425 lecture 7.docx

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Department
Biology
Course
BIOL 425
Professor
Mark Shrimpton
Semester
Fall

Description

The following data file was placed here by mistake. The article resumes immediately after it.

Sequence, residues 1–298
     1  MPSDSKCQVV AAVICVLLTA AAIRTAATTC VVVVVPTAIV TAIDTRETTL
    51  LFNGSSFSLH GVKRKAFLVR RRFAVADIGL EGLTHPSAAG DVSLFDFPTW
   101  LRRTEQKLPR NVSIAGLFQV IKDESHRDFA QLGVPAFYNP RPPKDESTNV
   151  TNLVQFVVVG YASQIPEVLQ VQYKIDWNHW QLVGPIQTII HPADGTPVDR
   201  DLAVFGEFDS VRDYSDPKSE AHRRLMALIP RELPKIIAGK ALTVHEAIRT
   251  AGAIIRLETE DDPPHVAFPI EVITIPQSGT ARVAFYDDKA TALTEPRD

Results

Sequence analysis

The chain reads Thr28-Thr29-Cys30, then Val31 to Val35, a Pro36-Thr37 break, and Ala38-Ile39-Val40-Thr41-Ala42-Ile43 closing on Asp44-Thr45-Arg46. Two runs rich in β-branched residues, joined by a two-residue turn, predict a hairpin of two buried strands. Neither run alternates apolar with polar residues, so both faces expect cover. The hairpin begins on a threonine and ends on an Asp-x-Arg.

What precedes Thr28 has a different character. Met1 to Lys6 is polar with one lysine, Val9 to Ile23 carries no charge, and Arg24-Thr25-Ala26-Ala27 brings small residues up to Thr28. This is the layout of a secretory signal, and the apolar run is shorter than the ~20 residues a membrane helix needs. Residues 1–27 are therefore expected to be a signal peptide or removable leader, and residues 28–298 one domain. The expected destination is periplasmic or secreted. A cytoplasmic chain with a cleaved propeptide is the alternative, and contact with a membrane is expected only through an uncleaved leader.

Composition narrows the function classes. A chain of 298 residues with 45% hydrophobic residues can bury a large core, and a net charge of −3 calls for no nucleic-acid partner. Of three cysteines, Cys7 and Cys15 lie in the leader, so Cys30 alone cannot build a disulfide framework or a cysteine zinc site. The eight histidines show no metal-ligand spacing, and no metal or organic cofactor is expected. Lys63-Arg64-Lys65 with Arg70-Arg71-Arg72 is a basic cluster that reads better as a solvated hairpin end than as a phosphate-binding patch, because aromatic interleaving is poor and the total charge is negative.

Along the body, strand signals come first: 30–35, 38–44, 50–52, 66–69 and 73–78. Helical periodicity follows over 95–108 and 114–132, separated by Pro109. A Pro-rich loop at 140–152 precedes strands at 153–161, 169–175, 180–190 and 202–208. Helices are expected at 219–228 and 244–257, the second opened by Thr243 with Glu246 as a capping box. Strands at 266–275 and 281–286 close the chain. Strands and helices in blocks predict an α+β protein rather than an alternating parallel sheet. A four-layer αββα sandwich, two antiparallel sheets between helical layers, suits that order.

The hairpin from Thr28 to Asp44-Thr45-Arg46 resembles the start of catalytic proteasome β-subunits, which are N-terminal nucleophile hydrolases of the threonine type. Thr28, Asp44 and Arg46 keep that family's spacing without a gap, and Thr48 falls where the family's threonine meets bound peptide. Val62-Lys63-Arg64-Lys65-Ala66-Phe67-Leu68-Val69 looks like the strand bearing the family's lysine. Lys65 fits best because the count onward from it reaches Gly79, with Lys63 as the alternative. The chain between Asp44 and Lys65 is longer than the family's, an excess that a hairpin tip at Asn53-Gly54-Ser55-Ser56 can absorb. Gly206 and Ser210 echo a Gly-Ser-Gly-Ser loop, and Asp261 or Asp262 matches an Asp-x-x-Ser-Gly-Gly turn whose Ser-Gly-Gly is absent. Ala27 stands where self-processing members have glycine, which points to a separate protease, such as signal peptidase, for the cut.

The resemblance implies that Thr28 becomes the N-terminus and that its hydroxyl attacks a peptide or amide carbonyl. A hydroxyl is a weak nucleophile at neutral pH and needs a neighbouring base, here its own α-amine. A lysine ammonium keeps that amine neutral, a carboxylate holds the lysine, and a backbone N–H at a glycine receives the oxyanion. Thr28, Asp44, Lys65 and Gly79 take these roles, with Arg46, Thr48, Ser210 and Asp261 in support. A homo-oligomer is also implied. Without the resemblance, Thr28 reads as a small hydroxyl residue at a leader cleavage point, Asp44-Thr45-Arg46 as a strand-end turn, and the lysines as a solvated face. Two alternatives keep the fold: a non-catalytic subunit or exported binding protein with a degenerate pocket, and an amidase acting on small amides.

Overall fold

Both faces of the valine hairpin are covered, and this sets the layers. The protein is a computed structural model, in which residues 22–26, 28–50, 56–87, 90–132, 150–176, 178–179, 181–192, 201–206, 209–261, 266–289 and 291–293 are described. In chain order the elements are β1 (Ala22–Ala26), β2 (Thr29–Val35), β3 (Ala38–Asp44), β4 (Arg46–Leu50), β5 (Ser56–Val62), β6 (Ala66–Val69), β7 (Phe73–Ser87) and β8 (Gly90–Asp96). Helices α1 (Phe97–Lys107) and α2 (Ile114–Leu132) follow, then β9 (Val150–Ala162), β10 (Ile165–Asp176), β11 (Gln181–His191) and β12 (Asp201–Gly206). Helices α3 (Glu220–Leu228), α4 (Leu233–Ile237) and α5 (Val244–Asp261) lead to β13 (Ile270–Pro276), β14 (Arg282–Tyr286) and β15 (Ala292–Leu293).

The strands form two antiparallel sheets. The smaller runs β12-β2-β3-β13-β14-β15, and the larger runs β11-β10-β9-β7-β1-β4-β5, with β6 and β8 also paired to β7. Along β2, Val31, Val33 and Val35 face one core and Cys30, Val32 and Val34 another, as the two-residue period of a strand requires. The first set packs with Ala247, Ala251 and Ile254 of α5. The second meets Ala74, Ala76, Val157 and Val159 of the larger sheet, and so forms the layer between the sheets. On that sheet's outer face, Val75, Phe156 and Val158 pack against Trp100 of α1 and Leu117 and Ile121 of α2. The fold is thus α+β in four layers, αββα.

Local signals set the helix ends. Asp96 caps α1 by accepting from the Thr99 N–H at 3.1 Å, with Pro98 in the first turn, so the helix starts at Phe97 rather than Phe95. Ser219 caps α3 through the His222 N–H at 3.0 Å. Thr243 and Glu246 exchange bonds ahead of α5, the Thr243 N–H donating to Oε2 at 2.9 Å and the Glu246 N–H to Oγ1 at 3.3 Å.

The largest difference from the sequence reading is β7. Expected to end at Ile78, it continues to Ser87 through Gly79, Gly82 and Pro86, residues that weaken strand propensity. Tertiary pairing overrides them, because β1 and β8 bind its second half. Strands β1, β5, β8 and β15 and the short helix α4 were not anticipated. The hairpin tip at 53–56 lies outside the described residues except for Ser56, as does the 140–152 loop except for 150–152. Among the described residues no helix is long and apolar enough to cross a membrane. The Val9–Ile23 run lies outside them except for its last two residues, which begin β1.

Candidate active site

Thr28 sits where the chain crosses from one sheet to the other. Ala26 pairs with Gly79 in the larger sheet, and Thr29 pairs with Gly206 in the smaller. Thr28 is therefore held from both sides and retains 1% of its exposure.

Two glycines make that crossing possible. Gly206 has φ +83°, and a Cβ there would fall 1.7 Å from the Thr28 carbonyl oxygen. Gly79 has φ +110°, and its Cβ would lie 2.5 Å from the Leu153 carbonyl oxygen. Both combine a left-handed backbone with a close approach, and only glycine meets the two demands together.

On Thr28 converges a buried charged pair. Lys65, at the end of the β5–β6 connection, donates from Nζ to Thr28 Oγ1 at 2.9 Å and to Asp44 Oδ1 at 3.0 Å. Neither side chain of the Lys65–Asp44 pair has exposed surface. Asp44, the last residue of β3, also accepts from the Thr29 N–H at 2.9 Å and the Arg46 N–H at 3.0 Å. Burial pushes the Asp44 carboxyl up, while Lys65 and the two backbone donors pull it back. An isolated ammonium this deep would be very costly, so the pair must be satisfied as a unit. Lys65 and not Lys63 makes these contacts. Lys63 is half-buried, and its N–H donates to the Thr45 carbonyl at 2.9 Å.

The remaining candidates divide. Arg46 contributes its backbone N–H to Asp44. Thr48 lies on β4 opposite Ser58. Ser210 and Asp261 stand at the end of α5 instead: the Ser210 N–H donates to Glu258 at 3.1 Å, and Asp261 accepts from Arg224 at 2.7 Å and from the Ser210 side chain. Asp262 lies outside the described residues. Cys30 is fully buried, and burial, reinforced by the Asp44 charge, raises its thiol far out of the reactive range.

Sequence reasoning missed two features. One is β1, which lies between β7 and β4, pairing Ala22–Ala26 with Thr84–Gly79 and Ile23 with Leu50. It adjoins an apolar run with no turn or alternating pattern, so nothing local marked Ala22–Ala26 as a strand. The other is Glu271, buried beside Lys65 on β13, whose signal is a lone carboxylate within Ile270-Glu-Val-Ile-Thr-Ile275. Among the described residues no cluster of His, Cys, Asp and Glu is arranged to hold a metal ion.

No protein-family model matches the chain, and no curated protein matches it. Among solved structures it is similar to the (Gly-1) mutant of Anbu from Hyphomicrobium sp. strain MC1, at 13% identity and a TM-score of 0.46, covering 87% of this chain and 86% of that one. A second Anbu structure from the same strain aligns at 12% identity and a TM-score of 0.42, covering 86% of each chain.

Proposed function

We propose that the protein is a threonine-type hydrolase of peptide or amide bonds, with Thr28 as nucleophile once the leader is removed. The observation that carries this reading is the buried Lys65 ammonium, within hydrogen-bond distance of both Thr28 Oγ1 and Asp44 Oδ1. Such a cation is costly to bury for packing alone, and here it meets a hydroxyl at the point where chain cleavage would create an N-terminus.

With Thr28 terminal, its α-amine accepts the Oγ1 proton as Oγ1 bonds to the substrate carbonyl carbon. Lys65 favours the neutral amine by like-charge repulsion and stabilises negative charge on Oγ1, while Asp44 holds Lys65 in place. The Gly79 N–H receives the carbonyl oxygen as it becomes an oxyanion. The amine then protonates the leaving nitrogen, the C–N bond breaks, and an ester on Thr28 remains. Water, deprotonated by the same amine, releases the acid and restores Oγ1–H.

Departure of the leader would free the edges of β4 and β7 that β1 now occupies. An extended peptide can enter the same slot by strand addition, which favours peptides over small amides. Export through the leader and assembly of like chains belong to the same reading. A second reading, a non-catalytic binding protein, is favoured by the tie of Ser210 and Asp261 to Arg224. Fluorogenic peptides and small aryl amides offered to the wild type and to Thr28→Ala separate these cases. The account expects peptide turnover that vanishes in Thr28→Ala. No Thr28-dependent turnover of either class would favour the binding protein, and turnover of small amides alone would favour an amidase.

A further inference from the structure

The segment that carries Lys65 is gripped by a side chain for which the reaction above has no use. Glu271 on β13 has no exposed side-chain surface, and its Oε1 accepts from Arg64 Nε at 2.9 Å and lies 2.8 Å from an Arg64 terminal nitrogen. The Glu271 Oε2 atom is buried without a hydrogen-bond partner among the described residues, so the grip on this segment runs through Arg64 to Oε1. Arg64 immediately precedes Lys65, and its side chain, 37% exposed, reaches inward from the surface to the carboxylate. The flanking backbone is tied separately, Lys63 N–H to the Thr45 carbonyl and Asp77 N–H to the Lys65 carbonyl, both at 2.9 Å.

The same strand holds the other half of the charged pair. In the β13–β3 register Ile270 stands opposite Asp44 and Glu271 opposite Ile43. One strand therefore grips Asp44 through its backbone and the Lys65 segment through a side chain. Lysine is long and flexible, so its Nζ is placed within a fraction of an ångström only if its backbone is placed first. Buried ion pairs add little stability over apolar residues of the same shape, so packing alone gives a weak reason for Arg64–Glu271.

Traditionally reversible enzyme inhibitors have been classified as competitive, uncompetitive, or non-competitive, according to their effects on K andmV max. These different effects result from the inhibitor binding to the enzyme E, to the enzyme–substrate complex ES, or to both, respectively. The division of these classes arises from a problem in their derivation and results in the need to use two different binding constants for one binding event. The binding of an inhibitor and its effect on the enzymatic activity are two distinctly different things, another problem the traditional equations fail to acknowledge. In noncompetitive inhibition the binding of the inhibitor results in 100% inhibition of the enzyme only, and fails to consider the possibility of [7] anything in between. The common form of the inhibitory term also obscures the relationship between the inhibitor binding to the enzyme and its relationship to any other binding term be it the Michaelis–Menten equation or a dose response curve associated with ligand receptor binding. To demonstrate the relationship the following rearrangement can be made: The mechanism of partially competitive inhibition is similar to that of non-competitive, except that the EIS complex has catalytic activity, which may be lower or even higher (partially competitive activation) than that of the enzyme–substrate (ES) complex. This inhibition typically displays a lower V max, but an unaffected K vmlue. Uncompetitive inhibition occurs when the inhibitor binds only to the enzyme–substrate complex, not to the free enzyme; the EIS complex is catalytically inactive. This mode of inhibition is rare and causes a decrease in both V maxand the K malueSubstrate and product inhibition is where either the substrate or product of an enzyme reaction inhibit the enzyme's activity. This inhibition may follow the competitive, uncompetitive or mixed patterns. In substrate inhibition there is a progressive decrease in activity at high substrate concentrations. This may indicate the existence of two substrate-binding sites in the enzyme. At low substrate, the high-affinity site is occupied and normal kinetics are followed. However, at higher concentrations, the second inhibitory site becomes occupied, inhibiting the enzyme. Product inhibition is often a regulatory feature in metabolism and can be a form of negative feedback.Slow-tight inhibition occurs when the initial enzyme–inhibitor complex EI undergoes isomerisation to a second more tightly held complex, EI*, but the overall inhibition process is reversible. This manifests itself as slowly increasing enzyme inhibition. Under these conditions, traditional Michaelis–Menten kinetics give a false value for K, which is time– i dependent. The true value of K cai be obtained through more complex analysis of the on (k ) on and off (k offate constants for inhibitor association. See irreversible inhibition below for more information. As enzymes have evolved to bind their substrates tightly, and most reversible inhibitors bind in the active site of enzymes, it is unsurprising that some of these inhibitors are strikingly similar in structure to the substrates of their targets. An example of these substrate mimics are the protease inhibitors, a very successful class of antiretroviral drugsused to treat HIV. The structure of ritonavir, a protease inhibitor based on a peptide and containing three peptide bonds, is shown on the right. As this drug resembles the protein that is the substrate of the HIV protease, it competes with this substrate in the enzyme's active site.Enzyme inhibitors are often designed to mimic the tra
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